Tell Better Stories By Adopting One of These 7 Brand Archetypes

Archetypes are a fundamental part of storytelling. An archetypal character is a recurrent symbol or motif in literature, art or mythology. They are sprinkled throughout film, books, and religion. These forms of art rely on archetypes to make stories that are better.

Marketing is a form of storytelling, so it follows that archetypes should be an integral part of a marketing strategy.

But, for some reason, this isn’t the case, especially in B2B.

Maybe we don’t want to seem unprofessional and so we stick to product-focused messaging.

But sometimes your offering needs a little help. Products alone have a hard time creating emotional connections with potential buyers. Adding character to the stories you’re already telling will add the emotional depth that your marketing may be lacking.

Messaging created using an archetype as the basis for its tone is instantly more successful.  It applies a familiar perspective to a story that already exists. The result is more consistent messaging and a more defined voice for your brand.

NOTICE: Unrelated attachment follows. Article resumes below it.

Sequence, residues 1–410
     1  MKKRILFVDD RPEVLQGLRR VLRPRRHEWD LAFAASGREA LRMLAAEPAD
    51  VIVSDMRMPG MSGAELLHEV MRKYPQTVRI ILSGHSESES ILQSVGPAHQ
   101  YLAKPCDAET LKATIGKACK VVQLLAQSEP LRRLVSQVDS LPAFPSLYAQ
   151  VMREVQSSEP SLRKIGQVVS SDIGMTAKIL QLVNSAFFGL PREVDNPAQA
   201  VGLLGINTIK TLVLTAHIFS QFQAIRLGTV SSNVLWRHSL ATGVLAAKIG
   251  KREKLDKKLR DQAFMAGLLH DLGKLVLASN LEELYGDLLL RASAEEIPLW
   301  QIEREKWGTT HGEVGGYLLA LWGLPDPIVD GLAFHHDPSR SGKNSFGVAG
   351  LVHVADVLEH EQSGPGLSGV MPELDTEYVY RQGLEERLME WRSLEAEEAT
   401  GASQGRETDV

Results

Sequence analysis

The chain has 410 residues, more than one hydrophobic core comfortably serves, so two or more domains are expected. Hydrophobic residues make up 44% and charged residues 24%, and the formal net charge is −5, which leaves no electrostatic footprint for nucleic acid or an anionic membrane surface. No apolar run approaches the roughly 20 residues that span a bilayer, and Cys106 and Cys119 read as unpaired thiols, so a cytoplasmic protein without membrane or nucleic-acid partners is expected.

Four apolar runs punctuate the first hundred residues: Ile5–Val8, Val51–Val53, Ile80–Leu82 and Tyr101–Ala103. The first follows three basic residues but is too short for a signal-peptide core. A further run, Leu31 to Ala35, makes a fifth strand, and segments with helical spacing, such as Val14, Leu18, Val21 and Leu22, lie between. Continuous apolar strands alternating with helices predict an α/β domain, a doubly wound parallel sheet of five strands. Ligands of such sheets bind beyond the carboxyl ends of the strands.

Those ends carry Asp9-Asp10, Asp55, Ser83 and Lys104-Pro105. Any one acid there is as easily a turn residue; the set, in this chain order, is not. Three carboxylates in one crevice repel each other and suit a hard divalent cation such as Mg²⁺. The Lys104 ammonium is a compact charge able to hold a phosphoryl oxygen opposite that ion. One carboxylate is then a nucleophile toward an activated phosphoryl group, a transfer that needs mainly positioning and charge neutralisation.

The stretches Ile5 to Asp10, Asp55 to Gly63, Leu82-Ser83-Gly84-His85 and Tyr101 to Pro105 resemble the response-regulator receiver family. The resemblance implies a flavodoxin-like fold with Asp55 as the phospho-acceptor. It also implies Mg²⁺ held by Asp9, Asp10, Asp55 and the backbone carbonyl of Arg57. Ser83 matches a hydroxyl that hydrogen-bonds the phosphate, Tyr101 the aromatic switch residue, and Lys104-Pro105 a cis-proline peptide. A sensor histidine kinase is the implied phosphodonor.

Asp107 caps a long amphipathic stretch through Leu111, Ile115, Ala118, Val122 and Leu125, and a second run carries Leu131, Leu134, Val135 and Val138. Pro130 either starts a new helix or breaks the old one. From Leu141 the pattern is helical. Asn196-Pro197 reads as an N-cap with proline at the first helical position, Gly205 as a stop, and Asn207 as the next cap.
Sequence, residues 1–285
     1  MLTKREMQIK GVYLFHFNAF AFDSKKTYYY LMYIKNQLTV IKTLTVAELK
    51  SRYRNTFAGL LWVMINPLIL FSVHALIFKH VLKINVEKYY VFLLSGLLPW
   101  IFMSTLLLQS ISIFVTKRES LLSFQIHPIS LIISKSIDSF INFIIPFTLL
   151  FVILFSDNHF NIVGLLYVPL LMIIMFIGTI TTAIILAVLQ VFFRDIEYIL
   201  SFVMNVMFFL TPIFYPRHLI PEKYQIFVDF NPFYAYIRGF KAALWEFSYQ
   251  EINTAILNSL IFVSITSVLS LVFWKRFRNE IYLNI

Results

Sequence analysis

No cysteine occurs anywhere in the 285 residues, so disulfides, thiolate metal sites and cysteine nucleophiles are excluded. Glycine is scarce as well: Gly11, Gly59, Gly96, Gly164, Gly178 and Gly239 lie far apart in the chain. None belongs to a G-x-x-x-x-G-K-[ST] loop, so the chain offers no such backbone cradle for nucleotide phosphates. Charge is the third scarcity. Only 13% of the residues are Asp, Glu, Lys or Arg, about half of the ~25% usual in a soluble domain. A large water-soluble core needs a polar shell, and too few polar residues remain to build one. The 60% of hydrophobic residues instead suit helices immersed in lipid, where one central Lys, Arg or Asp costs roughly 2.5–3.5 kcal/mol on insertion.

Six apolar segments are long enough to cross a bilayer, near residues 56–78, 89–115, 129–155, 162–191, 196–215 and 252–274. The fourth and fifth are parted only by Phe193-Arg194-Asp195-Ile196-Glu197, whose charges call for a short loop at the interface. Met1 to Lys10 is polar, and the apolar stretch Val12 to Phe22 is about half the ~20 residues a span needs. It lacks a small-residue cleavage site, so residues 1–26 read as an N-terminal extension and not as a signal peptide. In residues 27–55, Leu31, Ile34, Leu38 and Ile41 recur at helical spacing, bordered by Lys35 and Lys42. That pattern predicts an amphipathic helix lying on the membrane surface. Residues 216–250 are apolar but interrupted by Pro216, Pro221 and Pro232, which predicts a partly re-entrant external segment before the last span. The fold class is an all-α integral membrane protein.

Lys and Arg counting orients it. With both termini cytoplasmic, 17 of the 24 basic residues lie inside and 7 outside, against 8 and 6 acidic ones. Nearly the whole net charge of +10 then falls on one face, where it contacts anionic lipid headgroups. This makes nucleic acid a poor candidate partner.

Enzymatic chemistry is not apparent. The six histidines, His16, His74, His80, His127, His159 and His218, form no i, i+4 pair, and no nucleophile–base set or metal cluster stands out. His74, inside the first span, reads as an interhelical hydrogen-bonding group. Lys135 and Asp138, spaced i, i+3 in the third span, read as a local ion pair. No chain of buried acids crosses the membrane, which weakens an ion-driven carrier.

But how do you pick the archetype you need?

First, we can look at Carol S. Pearson’s 12 prime archetype system. She breaks archetypes into two dimensions: self-focused vs. group-oriented and order vs. change. If your company is offering control (order) then it will need to choose a brand archetype that is located near the top of the circle.

In this post, we look at which archetypes are best suited to B2B companies and what characteristics make them the best fit, starting at “Order” and ending with “Group-oriented.”

Just remember, it is important to remember that your brand can only wear one archetypal hat at a time, or you risk mixing up your messaging. That defeats the purpose of picking an archetype for your brand in the first place.

Their goal?

Order

Their fear?

Chaos

How would they solve their problems?

Find uses for it.

Their greatest gifts?

Responsibility, control, know the system